For an example of the disconnect between statistical relevance in the medical field and a consumer’s understanding of what that means, the Boston Globe’s reporting on fetal genetic tests offers a heartbreaking look at what happens when the dry world of math meets marketing. Marketing wins and it’s not always beneficial to the consumer.

The internet of things will also creep further into cars, beacons will provide more presence in our homes, we’ll see more Bluetooth devices and everything will get an algorithm. We’ll even have algorithms to manage our things’ algorithms and possibly a few services to manage our myriad things. Clearly the trends are still telling us that the internet of things and the smart home are still too complicated for most consumers.

But since this is the next big thing, both in terms of selling new gadgets and in terms of gathering ever more data from consumers, the industry is ready to put all of its muscle to figure out how to solve that complexity. Maybe it’s a bigger platform or a better algorithm. Perhaps a service or an app will do the trick. But one thing is for sure: It’s not going to be an open standard.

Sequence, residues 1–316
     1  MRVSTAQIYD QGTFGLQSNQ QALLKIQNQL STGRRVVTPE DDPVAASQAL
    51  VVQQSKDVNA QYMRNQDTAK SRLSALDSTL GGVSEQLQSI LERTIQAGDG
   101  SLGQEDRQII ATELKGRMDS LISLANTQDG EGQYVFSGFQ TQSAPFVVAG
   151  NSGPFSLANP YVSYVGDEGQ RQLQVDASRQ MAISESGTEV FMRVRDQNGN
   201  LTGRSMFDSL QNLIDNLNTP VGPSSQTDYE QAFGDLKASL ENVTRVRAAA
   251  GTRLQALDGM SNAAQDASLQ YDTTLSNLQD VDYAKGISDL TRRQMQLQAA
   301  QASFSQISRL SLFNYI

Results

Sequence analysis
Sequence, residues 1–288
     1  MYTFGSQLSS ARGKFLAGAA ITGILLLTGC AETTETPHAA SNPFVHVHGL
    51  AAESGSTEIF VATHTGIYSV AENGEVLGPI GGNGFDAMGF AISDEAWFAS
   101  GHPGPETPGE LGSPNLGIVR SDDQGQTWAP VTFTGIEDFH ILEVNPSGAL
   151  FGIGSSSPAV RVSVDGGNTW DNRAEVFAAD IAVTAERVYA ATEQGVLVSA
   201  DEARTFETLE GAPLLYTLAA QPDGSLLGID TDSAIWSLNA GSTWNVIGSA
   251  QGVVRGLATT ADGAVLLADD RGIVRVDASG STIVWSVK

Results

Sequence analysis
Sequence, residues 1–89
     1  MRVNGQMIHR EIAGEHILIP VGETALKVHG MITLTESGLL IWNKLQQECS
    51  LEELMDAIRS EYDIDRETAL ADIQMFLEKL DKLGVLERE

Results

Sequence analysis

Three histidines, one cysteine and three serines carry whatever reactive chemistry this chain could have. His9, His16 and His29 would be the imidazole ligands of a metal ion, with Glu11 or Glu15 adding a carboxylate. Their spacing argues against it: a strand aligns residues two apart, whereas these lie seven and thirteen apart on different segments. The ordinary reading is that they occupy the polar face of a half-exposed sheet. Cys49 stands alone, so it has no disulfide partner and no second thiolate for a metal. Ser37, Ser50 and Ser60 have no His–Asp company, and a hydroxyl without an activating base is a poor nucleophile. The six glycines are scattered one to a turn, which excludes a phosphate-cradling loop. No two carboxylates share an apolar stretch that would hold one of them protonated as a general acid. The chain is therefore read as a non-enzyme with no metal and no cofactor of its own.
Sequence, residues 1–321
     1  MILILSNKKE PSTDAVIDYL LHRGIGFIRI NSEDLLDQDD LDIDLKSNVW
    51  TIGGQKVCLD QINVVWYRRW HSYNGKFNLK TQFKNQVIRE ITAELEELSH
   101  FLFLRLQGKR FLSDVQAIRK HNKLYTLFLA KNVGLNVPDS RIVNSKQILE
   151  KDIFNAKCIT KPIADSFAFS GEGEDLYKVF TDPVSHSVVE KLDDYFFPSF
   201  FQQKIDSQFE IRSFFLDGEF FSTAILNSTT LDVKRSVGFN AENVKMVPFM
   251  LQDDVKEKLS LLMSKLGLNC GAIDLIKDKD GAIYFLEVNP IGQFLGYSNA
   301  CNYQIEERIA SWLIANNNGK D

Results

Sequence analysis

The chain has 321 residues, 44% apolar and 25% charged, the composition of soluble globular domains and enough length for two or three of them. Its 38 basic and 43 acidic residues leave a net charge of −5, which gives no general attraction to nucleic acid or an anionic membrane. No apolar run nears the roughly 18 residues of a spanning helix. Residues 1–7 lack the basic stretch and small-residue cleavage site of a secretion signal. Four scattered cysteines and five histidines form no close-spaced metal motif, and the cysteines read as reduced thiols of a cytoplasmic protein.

Bits meet bite: Check out the connected toothbrush

Want to really embrace the quantitative self? Forget tracking your sleep and start tracking your dental hygiene. Beam Technologies, a year-old startup is set to introduce a Bluetooth-enabled toothbrush and app that will launch next month and retail for around $50 for the base.

Happtique aims to build a standard for mobile health apps

Many of us are using our smartphones to track our health, but much like the web, it’s hard to say what’s a worthwhile app or not. Happtique, a startup wants to change that by creating a certification program for medical apps.